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Digitizing Construction

Saurabh Ladha’s start-up Doxel uses robotics, drones and artificial intelligence to monitor construction sites to help managers keep projects on time and on budget.


The construction sector is one of the largest in the world economy. According to a report by McKinsey Global Institute, about $10 trillion (Rs. 7,27,80,000 crores approximately) is spent on construction-related goods and services every year globally, equivalent to 13 percent of the gross domestic product (GDP). Yet for decades, 98 percent of large-scale construction projects are delivered, on average, 80 percent over budget and 20 months behind schedule.

But that may be about to change. Robotics, drones and artificial intelligence (AI) are coming to the rescue of construction managers with accurate real-time data to help them address small problems before they escalate into major issues which, all too often, lead to spiraling costs and delays.

Recently, The New York Times heralded the advent of drones in previously-uncharted territory for their success in measuring, inspecting and keeping large-scale commercial construction on target. “Ubiquitous as toys for the gadget-minded…drones have become indispensable tools in construction and real estate...On building sites, drones are saving money and time by providing digital images, maps and other files that can be shared in a matter of minutes,” states an August 2018 article published in The New York Times.

 

AI start-up Doxel
Doxel, a start-up based in Palo Alto, California, has already managed to boost productivity in the commercial construction sector with their unique artificial intelligence and computer-vision system. The company uses both tracked robots and aerial drones with high-definition cameras to monitor a construction site. The imaging data is then fed into its artificial intelligence algorithm. As a result, construction project managers receive real-time progress reports, allowing them to see the quality and progress of work as measured against the original plans and, most importantly, make those timely changes. 

“Without real-time visibility into quality and progress, managers simply can’t boost productivity. Our turnkey solution digitizes the physical world and compares actual performance to original schedule and budget plans. This is transformative for an entire capital project team. With Doxel’s system in place, project managers can react in minutes, not months,’” says Saurabh Ladha, chief executive officer and co-founder at Doxel, in an interview to Business Wire.

While it’s not yet time for construction managers to put aside all the hard hats, tape measures and clipboards traditionally used for visually inspecting a project, initial studies show great promise for Doxel’s construction management system. A recent Kaiser Permanente construction project in San Diego, for instance, used Doxel and came in 11 percent under budget and increased labor productivity by 38 percent.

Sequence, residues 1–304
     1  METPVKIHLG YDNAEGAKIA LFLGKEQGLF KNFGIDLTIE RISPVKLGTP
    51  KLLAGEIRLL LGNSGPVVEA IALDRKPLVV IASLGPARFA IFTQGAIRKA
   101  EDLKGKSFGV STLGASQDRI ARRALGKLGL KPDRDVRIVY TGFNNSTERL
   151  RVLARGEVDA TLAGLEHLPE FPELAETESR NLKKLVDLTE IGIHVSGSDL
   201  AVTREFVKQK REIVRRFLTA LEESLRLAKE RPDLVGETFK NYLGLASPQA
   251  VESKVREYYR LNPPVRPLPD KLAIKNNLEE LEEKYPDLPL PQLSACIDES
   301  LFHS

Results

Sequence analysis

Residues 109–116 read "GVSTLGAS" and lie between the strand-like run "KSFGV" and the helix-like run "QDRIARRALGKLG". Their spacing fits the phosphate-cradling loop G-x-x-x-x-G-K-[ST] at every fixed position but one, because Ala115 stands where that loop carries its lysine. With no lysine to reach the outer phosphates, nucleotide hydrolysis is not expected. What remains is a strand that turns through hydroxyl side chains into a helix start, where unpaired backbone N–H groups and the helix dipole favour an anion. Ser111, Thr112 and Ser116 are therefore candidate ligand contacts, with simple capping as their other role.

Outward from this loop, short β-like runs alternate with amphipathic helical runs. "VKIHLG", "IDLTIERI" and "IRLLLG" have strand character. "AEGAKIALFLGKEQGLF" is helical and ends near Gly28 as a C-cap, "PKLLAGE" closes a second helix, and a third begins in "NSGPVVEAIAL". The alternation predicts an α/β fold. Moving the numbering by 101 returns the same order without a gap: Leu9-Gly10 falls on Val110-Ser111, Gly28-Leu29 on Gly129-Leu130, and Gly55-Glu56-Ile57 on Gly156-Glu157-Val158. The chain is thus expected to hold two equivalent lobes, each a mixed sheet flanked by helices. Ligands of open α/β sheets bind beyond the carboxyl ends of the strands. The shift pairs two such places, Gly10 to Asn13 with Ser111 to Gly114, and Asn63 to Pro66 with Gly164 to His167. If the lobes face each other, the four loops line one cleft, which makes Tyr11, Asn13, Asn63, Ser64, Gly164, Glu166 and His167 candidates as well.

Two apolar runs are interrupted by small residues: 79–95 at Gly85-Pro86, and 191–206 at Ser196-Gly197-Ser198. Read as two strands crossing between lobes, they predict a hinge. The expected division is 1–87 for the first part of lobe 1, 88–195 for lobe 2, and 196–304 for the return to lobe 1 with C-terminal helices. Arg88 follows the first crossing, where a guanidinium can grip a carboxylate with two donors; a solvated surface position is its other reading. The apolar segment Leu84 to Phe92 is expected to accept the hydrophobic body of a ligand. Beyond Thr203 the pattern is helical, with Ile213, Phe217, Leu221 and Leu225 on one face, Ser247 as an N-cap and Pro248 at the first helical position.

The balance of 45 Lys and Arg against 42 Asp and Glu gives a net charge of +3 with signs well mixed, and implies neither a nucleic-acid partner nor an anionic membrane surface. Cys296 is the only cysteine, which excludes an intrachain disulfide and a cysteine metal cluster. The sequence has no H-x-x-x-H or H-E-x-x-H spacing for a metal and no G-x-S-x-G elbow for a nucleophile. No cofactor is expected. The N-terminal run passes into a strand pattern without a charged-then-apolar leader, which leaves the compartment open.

How it started
In a an interview to VentureBeat, a U.S. technology website, Ladha recalled a childhood experience in India for the impetus to start his company. It was a case of a construction timeline gone wrong when his father, who worked in manufacturing, decided to start his own business and build a factory. Construction overruns nearly cost his family their home. Luckily, the family kept their home and Ladha’s work at his father’s factory reinforced the need for timely and accurate data in construction projects.

Ladha earned a bachelor’s degree from Birla Institute of Technology and Science in Pilani and a Master of Science from Stanford University. He co-founded Doxel in 2016 and, two years later, he was named on Forbes magazine’s 30 Under 30 list in the Enterprise Technology category. In 2018, Ladha and Doxel co-founder Robin Singh have also procured a $4.5 million (Rs. 33 crores approximately) investment for their company, led by Andreessen Horowitz, with Alchemist Accelerator, Pear, SV Angel and Steelhead Ventures participating.

 

How it works
After a construction project shuts down for the night, Doxel deploys autonomous devices like drones, equipped with high-definition cameras and Lidar (Light Imaging Detection and Ranging) to scan the entire site. Capable of climbing stairs and navigating through challenging construction terrain, the robots follow prescheduled paths to capture images. These are uploaded to the cloud for processing by Doxel’s proprietary artificial intelligence software.

Doxel’s system is a milestone in computer-vision software, as it applies advanced laser-scanning technology to dimly-lit construction sites for three-dimensional visual data, accurate down to a factor of millimeters. Daily scans inspect the quality and quantity of material installed as well as actual cost and time spent as compared to original project specifications. This real-time data offers construction managers ultimate control in keeping their project on time and on budget.

 


Hillary Hoppock is a freelance writer, former newspaper publisher and reporter based in Orinda, California.